Wide Brown Land

by Barbara Gurney


I’m going,’ said Max. ‘I’ll be out the back paddock, got to check the fence. See ya.’

‘Bye love, see you for lunch.’ Julie waved as the quad bike started. ‘Stay safe,’ she yelled.

Buddy’s tail wagged ceaselessly, flapping across the fumes from the exhaust, making spurts of smoke signals. Max rode alongside the boundary fence for ten minutes, turned left by the empty water tank and became a spot in Julie’s vision. She stood with her arms folded across her chest, imagining Buddy poking his nose under Max’s arm and Max telling the dog to ‘stop that’ while what he really wanted to say was – 'thanks mate'.

In the last few months they had struggled with their emotions as the dry wind that whipped up dust into circles of misery blew across the empty paddocks. Their marriage was strong, but it was a constant effort to buoy each other through the ever burdening drought. They pushed individual dread behind a smile, scared unless once the fear behind their false joy was spoken, they would be sent into a bottomless pit of unrecoverable wretchedness.

Many evenings they sat reading as the hours ticked away until bedtime beckoned. If the wind momentarily ceased, they would pause from absorbing the words on the page, and with a glance at each other, hope that perhaps this time it was the calm before the long awaited storm. Too many books had been read as they waited for the rain - waiting to be saved from disaster. Their bookcase was full of other people’s dreams bound into words for people like Max and Julie to read while they waited to fulfil their own dreams.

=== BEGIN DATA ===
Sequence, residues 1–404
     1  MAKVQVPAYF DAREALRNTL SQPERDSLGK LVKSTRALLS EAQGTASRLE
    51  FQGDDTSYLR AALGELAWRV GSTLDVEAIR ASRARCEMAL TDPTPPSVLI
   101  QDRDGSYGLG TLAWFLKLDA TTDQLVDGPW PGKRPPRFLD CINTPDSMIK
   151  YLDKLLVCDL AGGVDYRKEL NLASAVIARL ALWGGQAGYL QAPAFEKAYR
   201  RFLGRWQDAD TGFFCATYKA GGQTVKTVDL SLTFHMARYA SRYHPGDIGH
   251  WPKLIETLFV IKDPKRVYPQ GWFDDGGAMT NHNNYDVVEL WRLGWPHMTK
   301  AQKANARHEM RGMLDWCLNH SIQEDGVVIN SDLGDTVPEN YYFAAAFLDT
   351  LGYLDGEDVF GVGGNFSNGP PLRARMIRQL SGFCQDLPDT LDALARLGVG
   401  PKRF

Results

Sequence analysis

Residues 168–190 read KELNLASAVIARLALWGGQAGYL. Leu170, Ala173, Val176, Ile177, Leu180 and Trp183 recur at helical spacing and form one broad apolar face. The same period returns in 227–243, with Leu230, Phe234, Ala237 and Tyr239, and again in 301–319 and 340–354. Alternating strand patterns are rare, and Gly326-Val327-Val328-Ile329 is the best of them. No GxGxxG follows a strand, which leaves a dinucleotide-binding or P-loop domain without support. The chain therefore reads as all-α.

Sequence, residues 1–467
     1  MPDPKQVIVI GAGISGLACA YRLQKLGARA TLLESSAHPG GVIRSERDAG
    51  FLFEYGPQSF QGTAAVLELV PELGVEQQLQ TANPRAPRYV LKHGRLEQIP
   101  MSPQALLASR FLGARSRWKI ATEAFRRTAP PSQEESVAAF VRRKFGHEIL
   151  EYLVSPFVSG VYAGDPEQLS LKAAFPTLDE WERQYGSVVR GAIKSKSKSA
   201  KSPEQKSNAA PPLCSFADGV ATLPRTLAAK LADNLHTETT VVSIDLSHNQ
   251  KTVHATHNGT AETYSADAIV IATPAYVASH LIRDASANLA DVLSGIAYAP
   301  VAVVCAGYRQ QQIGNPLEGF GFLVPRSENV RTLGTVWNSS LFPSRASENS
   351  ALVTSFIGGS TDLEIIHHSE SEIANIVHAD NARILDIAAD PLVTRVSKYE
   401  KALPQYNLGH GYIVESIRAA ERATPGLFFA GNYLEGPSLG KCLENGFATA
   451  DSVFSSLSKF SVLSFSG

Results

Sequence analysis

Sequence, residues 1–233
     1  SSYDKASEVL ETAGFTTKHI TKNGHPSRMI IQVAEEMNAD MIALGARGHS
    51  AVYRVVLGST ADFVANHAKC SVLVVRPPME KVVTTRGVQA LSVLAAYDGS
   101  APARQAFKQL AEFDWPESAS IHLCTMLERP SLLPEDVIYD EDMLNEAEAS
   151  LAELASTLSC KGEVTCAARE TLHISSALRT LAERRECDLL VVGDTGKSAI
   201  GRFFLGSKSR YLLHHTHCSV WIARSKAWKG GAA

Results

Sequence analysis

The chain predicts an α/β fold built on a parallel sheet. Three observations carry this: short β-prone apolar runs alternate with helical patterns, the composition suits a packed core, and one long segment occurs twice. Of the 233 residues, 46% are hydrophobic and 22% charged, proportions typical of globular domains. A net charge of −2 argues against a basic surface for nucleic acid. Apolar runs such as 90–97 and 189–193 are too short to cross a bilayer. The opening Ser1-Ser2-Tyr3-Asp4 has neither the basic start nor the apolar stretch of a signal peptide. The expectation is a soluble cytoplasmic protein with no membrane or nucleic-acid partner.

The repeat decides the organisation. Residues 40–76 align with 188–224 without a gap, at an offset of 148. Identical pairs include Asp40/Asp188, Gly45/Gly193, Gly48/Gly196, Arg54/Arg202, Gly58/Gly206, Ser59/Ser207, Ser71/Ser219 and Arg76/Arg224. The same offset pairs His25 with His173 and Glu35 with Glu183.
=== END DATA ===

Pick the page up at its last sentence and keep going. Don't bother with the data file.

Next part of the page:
Julie knew it was useless to polish away the dust on the surfaces, but just as Max was compelled to examine sturdy fences she needed to be busy. Picking up her husband’s choice of reading from last night it caught against the arm of the chair and fell to the floor. 

‘Damn!’  She retrieved the open poetry book from the floor. ‘My Country!  That’s surely appropriate. By Dorothea Mackellar. I remember learning that at school.’ Perched on the arm of the couch, Julie started reading. When she came to the second verse, the words became familiar.

‘I love a sunburnt country.’